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🔥 Top Movers
Carnival Corporation: One Iceberg Too Many?
Shares of cruise operator Carnival Corporation (CCL) fell below pre-pandemic lows and to their lowest in three decades. Inflation, rising costs, and soaring debt have taken the wind off their sails. There are some positives but only few and far between. Has Friday’s share price drop sounded a warning bell for investors?
Desperate Times, Desperate Measures
Cruise operators are encountering one iceberg after another. After a record-breaking 2019, the pandemic nearly pulled the shutters down on the multi-billion dollar industry for good. Even as the world returns to normalcy from the pandemic, there have been occasional outbreaks of Covid-19 on multiple cruise ships, increasing the apprehension of travelers to choose them as a mode of travel.
Carnival Corporation caters to the middle class, where customers are more likely to be affected by inflation. As a result, it has been resorting to discounts and promotional deals to attract customers to fill up its ships.
The company has also loosened Covid-19 protocols by eliminating the pre-departure testing requirements and allowing unvaccinated guests, much to the chagrin of activists and experts. The relaxations, according to the management, have resulted in improved bookings. CEO Josh Weinstein said that bookings volumes are now running considerably ahead of 2019.
Last week, the cruise operator reported its Q3 results that showed operations hit by higher costs related to inflation, supply-chain disruptions, and maintaining health and safety protocols. Heavy discounts also ate into profits.
Despite that, sales rose significantly year-on-year while losses narrowed as well. However, both missed street expectations.
Key Highlights From Q3 2022:
- Revenue: $4.31B Vs $4.9B expected
- Loss Per Share: $0.65 Vs $0.09 expected
- Net Loss: $770M Vs $2.84B Year-on-Year
Carnival bore the brunt of higher costs – from food to fuel. This is evident as the company spent $869 on fuel per metric ton, compared to just $467 during the pre-pandemic year of 2019.
Weinstein, who became CEO only last month, indicated that the company might have to raise prices and get away from offering discounts. However, Carnival doesn’t plan to abandon promotions and discounts altogether but offer them only to a select few.
The Debt Mountain
Unlike previous instances, there are some positives that Carnival can take heart. First, revenue in Q3 increased by 80% from the prior quarter. The company is also confident that eight of its nine brands will have its entire fleet operational by the end of the current quarter. Additionally, the $4.3B revenue is higher than the $4B the company earned across the year’s first two quarters.
Bookings improved to 84% compared to 54% last year, although they remain below the 113% pre-pandemic level.
The management is also doubling down on limiting capital expenditure. Spending on shipbuilding will drop 30% per year until 2025, which according to analysts, will free up some much-needed cash flow. Carnival also reported its first quarterly Ebitda positive figure in over four years.
Despite relaxation in pandemic-era protocols in both the US & Canada, Carnival expects current quarter bookings to be below 2019 levels at lower prices.
Carnival and other cruise operators took up large piles of debt to fund their operations during the pandemic, proving to be their death knell. As per its latest quarterly filing, Carnival has total debt worth $35.3B, while pre-pandemic, it had $10.75B in total debt.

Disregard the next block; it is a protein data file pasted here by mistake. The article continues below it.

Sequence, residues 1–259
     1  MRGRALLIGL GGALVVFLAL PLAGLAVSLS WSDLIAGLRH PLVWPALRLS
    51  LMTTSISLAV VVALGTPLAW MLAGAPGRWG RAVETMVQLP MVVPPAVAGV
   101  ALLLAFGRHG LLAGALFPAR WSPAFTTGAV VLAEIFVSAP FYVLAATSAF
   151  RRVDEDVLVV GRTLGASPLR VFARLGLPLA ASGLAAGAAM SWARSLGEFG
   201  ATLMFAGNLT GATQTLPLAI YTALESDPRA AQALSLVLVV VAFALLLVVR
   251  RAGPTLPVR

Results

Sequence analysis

It is not only the debt but 40% or ~$14B of floating rate loans, which will cause more trouble for the company in a rising interest rate environment. It has already disclosed $1B in repayments made so far this year, with another $2.37B next year, $4.93B in 2024, $4.25B in 2025, and another $4.38B in 2026.
The company may not be burning $2B in cash every quarter as it did earlier, but the cash burn continues. In Q3, Carnival had a negative $822M in free cash flow. The quarterly interest expense itself is $422M.
Amidst all of this, the ones who’ve suffered the most are Carnival’s shareholders. The average shareholder in most cruise operators has been diluted by nearly 89% since the pandemic due to multiple equity offerings of the company. The latest one saw Carnival sell 102M shares at $9.95, increasing the total outstanding shares to $1.29B. Analysts expect more such offerings, considering the pending debt repayments.
Analysts believe that most of Carnival’s issues are company-specific, especially their increased exposure to Europe, where currency, Covid-19, and a weak economy are hurting bookings. However, some still find value in the stock for the long-term once the European operations turn around.
Carnival’s ship had just begun to sail the last time we wrote about it. However, it now faces one iceberg after another. Shareholders have lost 90% of their investments over the last five years, and the carnival for them is still far away on the horizon!
CCL ended at $6.85, down -2.56%.
Company Snapshot 📈
CCL $6.85, -0.18 (-2.56%).
Analyst Ratings (21 Analysts) BUY 33% HOLD 48% SELL 19%
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- Despite Issues: General Motors says sales rose 24% in the third quarter (GM +2.43%)
- Following Suit: Norwegian Cruise Line ends all Covid-19 testing, masking and vaccination requirements (NCLH +0.35%)
Later Today 🕒
- Acuity Brands Inc. Earnings (AYI)
- SMART Global Holdings Inc. Earnings (SGH)
- 7:30 PM IST: US Job Openings & Quits
- 7:30 PM IST: Factory Orders
Today’s Fun Fact
The average cruise ship sails the equivalent of three times around the world each year.